If the film’s first 20 minutes introduce it as slow and atmospheric horror, the sequence where the possessions begin to spread dispels that impression quickly. All pretenses of subtlety are dropped for kills and scares that are more lurid and outrageous than scary, including a little girl getting viciously thrown around like a chew toy by a possessed dog. It never quite becomes an outright horror comedy, but moments where Pedro strips in his ex-wife Sabrina’s (Virginia Garofalo) house and burns his clothes without explaining himself make the film feel far lighter and sillier than it did before. Still, Sabrina’s home and the town at large descending into chaos as the possessions begin to spread during a sunny day is manic fun to watch onscreen, delivering on the promise of rapidly expanding danger a viral possession promises. The movie remains entertaining, although the shift in energy leaves you to wonder what type of horror film you’re actually watching.
Ultimately, “When Evil Lurks” settles on “a boring one.” After Pedro and Jimi get on the road with Pedro’s sons and their elderly mother, the movie has already peaked in intrigue and entertainment, and begins spinning its wheels until finally ending. The film’s initial withholding of exposition is replaced by the brother’s mother Sara (Paula Rubinsztein) telling Pedro’s youngest Santino (Marcelo Michinaux) all the rules of how to deal with the rotten, including several that have previously been mentioned just to make sure the viewers didn’t miss it. The vagueness of the world and how the rotten function begin to feel less like an intentional choice than a sign of poor planning: it never becomes totally clear what separates those who get possessed from those who don’t, and many of the “rules” aren’t brought back in a meaningful way.
Rather than leaning into the chaos and tension that a demonic epidemic could cause, the film makes the odd choice to downplay the premise in its back-half, never addressing how the broader community is responding to the possessions in favor of following the brothers as they take refuge with Mirtha (Silvina Sabater), a “cleaner” with the tools to destroy the rotten and a tendency to doll out clunky sayings like “evil loves children, children love evil.” With the thrills of its premise replaced by largely rote scares and a climactic foray into the most boring and unfrightening haunted school of all time, “When Evil Lurks” begins relying on its characters and their relationships, particularly Pedro’s strained bond with his sons, to give it any weight.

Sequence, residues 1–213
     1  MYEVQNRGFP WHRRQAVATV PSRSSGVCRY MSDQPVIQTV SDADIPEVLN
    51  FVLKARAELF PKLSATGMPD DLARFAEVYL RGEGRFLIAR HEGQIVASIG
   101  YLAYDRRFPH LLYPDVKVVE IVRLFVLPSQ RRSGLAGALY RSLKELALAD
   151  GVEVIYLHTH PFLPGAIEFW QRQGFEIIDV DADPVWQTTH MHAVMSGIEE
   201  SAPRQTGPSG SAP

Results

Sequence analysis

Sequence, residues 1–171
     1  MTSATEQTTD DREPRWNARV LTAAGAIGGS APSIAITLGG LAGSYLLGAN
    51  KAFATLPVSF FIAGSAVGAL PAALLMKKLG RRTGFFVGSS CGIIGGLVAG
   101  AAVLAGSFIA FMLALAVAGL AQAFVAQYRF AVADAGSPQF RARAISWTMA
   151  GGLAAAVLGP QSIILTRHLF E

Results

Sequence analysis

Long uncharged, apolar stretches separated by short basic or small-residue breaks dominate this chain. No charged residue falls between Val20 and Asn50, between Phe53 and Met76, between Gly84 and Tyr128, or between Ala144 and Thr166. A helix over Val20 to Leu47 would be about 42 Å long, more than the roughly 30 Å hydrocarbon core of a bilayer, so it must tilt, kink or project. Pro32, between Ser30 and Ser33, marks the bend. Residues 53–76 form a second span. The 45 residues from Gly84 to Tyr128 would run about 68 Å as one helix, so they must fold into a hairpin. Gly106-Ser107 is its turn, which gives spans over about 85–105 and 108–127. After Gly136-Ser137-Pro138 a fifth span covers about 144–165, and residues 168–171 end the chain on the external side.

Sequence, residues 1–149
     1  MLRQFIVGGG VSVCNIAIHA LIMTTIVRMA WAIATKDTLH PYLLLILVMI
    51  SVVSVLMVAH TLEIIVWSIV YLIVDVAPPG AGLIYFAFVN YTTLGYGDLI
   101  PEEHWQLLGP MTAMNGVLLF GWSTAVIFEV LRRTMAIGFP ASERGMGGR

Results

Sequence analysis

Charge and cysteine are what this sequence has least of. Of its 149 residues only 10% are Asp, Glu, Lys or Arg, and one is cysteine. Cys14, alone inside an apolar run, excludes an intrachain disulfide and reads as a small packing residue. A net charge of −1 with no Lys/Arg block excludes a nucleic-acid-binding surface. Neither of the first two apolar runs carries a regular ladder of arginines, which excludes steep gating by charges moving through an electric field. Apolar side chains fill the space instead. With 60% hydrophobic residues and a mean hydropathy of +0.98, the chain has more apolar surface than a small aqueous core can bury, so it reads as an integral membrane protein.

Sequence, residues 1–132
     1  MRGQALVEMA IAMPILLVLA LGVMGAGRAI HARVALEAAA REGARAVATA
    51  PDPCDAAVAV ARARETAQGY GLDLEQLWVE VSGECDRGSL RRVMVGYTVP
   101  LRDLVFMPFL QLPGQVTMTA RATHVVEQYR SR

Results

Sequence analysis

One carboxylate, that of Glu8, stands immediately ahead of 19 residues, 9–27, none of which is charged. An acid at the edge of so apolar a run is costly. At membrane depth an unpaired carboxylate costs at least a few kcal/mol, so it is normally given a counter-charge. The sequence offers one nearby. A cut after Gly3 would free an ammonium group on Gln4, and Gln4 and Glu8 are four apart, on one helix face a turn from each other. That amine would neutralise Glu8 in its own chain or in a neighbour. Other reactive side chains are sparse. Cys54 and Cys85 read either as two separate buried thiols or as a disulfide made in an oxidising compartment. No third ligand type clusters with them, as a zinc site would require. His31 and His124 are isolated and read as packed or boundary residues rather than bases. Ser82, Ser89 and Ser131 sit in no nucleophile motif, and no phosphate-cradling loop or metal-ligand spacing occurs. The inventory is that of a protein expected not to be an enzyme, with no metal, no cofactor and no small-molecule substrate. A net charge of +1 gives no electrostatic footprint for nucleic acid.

But the characters are uniformly wafer-thin — Jimi and Mirtha have a romantic past that translates to zero onscreen heat — and in Pedro’s case, his backstory of previously abandoning his sons is referred to briefly without it ever impacting his interactions with them in any notable way. Especially galling is the portrayal of Pedro’s eldest Jair (Emilio Vodanovich), whose autism leaves him largely unable to speak. The script treats him as a plot device more than an actual person — there’s some exposition about how demons invade autistic people’s bodies but struggle for control because they “can’t figure out their minds” — so when the story abruptly begins to hinge on our investment in him and his father, it feels like the movie expecting the audience to care about someone it barely cares about itself.
A fun premise can get a horror film far, and “When Evil Lurks” has one that could be taken to interesting, terrifying places. But rather than lean into what makes its world of demonic diseases intriguing, the film squanders its own potential by leaning into its worst qualities and instincts. Instead of giving us something feverishly nightmarish, it ends up running as tepid as a minor head cold.
“When Evil Lurks” premiered at the 2023 Toronto International Film Festival. It will premiere in theaters on Friday, October 6 before streaming on Shudder on Friday, October 27.